Another Fantasy football season comes to an end. Win or lose, I hope you had fun. If you’re like me, you’re now wondering what to do with your Sundays. If you still have the Fantasy itch, there are plenty of Fantasy playoff leagues you can play in. There are typically two different types of Fantasy playoff leagues. The first is similar to a salary cap league. You get a certain amount of money and each player has an assigned value. You choose a roster, but must stay within your salary cap. In some leagues, you keep that roster with a limited number of swaps. In other leagues, you can make changes each week if you would like, but keep in mind that a player’s value may change depending on performance (and if their team advances). Sometimes the rosters lock before the divisional playoffs, so you have to successfully guess who will be in the Super Bowl (or hedge your bets and have players from each team on your roster).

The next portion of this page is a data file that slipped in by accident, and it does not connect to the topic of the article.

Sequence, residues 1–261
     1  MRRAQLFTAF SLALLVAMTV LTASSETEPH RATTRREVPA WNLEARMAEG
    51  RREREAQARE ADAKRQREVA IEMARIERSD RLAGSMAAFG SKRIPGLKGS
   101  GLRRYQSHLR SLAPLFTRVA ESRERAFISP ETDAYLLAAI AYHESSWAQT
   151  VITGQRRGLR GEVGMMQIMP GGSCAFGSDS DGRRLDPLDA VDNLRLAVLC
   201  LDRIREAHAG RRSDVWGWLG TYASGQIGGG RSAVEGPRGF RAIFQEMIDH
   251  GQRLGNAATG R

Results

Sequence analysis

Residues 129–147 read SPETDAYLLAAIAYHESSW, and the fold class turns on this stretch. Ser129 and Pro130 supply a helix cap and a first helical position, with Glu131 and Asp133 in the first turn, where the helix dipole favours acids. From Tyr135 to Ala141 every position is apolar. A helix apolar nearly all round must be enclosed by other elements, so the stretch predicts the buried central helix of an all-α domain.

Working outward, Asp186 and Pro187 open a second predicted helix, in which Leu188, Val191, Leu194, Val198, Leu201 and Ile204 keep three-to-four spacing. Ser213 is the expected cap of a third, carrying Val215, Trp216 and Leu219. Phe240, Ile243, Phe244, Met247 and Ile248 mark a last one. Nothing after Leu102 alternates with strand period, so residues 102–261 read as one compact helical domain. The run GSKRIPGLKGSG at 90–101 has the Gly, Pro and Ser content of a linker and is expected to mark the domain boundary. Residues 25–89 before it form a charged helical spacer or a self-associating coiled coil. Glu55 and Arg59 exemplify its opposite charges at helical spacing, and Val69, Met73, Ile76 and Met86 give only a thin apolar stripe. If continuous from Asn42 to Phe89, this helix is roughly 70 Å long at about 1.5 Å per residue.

The second type of league is one where you get a multiplier bonus for each week that you have a player on your roster. There is no salary cap, so you can pick whichever players you would like and swap in new ones for the players on your team that lose each week. If a player’s team wins, you keep that player for the following week.
Here are some strategies for each type of league.
If you have a salary cap, the best strategy is to spend the most money on the player that has been the most consistent. You want to make sure your guy has a good week, even if his team loses. Depending on the values, your best bets may include: